DID THE NEW SETTINGS FOR CAMBER AND PRESSURE ON THE TIRES HAVE A BIG AFFECT ON YOU? WOOULD YOU RATHER HAVE GONE LOWER PRESSURES AND BIGGER CAMBER SETTINGS?
“There are limitations, obviously, and we have to respect them and they are enforcing them and we are trying our best to abide by the rules. Given the opportunity, I always like more grip.”
INDYCAR IS VERY MUCH A SPEC SERIES. DO YOU FIND A LOT MORE POSSIBILITIES FOR YOU TO BE THE ENGINEER YOU WANT TO BE BY WORKING ON AN IMSA CAR OR FIND IT MORE RESTRICTIVE WORKING ON A CAR IN ITS SIXTH YEAR OF DEVELOPMENT?
“INDYCAR is a spec series, but with the homologation rules and everything in IMSA, that’s kind of the new part of it for me and it is quite restrictive, so I feel it’s more working with the strategy and with the drivers and that side of it where the gains come instead of car development. It’s a six-year-old car, so it’s been run a long time and quite a bit of the development has already been done. The homologation has been set and nothing is being adjusted this year. It’s kind of in its box and it’s working with strategy and other things like that where the engineering side comes into it for this year at least.”
ARE THERE CERTAIN THINGS THAT CADILLAC IS ALLOWED TO PASS ON TO OTHER CADILLAC TEAMS?
“We’re not really at a development stage where we’re sharing information. It’s kind of already set at this point, so it’s more individual preference of how the car is run. There’s not really development being done and shared; we’re kind of past that phase of this car.”
WHEN WILL YOU START TO LOOK AT THE LMDH CAR AND WILL IT BE HARD TO BALANCE YOUR PRIORITIES IN TERMS OF WINNING THE CHAMPIONSHIP AND WORKING ON THE LMDH PROJECT?
“We’ve already been working with Dallara and Cadillac on the LMDh program, so we’re in the midst of a weekly discussion with them on development. It’s part of our job to manage both programs. We’re not looking to compromise the DPi program at all with development for next year, but we also want to get the car as well-prepared for next year as we can.”
I UNDERSTAND YOU’RE A JIMMY VASSER FAN AND YOUR PIT WAS NEXT TO HIS AT SEBRING. WHAT WAS THAT LIKE?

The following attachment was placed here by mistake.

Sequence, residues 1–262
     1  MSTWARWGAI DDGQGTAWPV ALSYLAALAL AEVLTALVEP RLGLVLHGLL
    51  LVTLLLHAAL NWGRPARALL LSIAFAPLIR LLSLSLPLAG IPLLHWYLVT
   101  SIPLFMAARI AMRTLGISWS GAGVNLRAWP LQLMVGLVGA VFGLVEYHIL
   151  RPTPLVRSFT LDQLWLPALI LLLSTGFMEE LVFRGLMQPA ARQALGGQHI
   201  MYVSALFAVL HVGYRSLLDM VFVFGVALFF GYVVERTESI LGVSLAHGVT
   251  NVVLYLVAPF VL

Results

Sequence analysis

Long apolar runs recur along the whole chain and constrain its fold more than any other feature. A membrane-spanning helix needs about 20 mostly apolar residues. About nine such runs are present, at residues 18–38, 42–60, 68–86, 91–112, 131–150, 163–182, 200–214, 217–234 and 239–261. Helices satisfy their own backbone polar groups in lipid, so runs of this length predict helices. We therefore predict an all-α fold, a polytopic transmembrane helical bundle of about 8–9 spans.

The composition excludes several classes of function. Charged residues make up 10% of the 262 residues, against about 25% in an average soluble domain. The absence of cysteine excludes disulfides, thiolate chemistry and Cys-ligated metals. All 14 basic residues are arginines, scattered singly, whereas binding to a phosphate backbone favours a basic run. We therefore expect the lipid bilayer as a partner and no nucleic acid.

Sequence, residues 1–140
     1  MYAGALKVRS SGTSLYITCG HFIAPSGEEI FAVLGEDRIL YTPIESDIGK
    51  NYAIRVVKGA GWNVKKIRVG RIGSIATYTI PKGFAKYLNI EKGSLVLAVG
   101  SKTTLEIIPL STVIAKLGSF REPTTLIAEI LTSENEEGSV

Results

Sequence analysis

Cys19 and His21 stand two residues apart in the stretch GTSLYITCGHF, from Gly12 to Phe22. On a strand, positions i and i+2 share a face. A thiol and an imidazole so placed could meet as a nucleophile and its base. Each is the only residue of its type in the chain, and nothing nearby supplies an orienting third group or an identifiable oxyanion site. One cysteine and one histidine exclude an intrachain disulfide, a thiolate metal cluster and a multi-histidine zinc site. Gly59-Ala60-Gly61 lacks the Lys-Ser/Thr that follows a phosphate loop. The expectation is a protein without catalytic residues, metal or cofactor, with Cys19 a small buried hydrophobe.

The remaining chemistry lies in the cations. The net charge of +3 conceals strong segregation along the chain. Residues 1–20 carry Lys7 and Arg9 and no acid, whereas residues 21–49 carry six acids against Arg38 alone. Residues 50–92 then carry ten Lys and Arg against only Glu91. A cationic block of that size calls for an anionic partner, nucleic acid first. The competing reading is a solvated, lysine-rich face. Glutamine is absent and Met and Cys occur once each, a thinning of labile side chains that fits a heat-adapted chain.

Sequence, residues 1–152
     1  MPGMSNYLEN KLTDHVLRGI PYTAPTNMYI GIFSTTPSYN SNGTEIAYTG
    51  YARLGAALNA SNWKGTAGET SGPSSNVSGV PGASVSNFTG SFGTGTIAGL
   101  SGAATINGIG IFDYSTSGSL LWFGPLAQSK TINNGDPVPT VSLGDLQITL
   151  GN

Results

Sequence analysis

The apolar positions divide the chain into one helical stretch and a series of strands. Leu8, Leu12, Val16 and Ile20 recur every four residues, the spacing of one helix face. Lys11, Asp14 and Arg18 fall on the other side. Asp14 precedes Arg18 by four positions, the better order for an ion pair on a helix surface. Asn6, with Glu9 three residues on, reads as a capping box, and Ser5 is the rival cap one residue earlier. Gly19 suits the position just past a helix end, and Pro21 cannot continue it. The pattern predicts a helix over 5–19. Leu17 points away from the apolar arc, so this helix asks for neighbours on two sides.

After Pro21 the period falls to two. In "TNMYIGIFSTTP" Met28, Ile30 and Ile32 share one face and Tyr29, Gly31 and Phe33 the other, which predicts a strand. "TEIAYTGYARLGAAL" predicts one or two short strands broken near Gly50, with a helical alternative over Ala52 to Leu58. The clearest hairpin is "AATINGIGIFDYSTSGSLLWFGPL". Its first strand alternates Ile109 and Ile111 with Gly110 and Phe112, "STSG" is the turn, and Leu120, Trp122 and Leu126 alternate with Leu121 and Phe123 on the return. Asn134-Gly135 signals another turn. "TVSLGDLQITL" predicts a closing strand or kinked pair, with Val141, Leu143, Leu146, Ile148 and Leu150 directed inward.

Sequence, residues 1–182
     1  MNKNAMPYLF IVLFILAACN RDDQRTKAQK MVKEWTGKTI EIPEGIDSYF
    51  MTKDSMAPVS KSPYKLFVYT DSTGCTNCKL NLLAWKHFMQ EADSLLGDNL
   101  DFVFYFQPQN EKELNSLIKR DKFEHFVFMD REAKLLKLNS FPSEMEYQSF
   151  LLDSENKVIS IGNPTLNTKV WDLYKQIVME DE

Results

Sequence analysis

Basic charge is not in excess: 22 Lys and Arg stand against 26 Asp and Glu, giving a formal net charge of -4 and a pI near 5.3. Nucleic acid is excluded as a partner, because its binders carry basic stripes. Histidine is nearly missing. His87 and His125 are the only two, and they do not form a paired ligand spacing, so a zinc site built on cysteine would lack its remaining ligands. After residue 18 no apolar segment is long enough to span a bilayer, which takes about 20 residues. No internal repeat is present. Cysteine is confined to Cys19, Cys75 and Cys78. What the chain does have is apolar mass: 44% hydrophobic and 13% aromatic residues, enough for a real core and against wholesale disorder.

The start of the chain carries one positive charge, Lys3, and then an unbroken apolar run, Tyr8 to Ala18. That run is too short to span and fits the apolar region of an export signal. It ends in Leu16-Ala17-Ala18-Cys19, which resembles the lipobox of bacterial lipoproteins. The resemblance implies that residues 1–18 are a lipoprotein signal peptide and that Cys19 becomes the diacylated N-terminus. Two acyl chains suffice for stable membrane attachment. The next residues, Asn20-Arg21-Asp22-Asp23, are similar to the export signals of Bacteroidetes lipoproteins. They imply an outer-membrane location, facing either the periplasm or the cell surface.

“I worked at KV (Racing), so I’ve worked with Jimmy when I was in INDYCAR. He was the team owner when I was there. I was always a fan of his on TV and it was great to work with him when I was in INDYCAR. He’s still a friend; I still talk to him.”
DID HE SAY ANYTHING TO YOU AFTER THE BIG WIN?
“I don’t think I actually saw him after the win because by the time we got back from cleanup he was not there, so I didn’t get to see him then. But I did wish him luck before the race.”
DOES IT SEEM LIKE IT’S COME FULL CIRCLE?
“It’s interesting and weird emotionally because it’s like the thing you achieve for, the thing you’ve worked so hard for is kind of there. You can always strive for more, but it is exciting.”
WERE THERE ANY CHALLENGES YOU WEREN’T EXPECTING AS THE EVENING WORE ON AS TRACK CONDITIONS CHANGED THAT YOU HAD TO ADAPT TO?
“I think we spent the evening practice trying to get the car dialed in and ready, so I think we were pretty confident going in and knew we had a solid car for the evening so it was kind of surviving during the day to make sure we got to the evening where we had put most of our effort into tuning the car. There wasn’t really anything that was a big surprise. Luckily, most of the parts stayed on the car so we didn’t any changing to do.”
WHILE EARL WAS HAVING HIS LATE-RACE DRAMATICS, WHAT’S GOING ON IN YOUR MIND AND WHAT INFORMATION WERE YOU RELAYING TO EARL TO KEEP THINGS ON THE STRAIGHT AND NARROW?
“Obviously, it wasn’t ideal, but it happened. It’s just looking at the gaps, making sure after the first drive-thru where we knew where we were going to come out and making sure he had the information of after the drive-thru where is he in position, who’s behind him, giving him the information he needs to keep going forward and recover the lap. It’s just recovering from there and making sure we capitalize from there.”
ANY CHANCE OF YOU PIVOTING BACK TO INDYCAR FOR THE MONTH OF MAY?
“I don’t know yet. Nobody has asked me yet. I don’t know what the plan is yet. We’re going to focus on Long Beach and then we’ll go from there. I’ll do whatever they ask me to do.”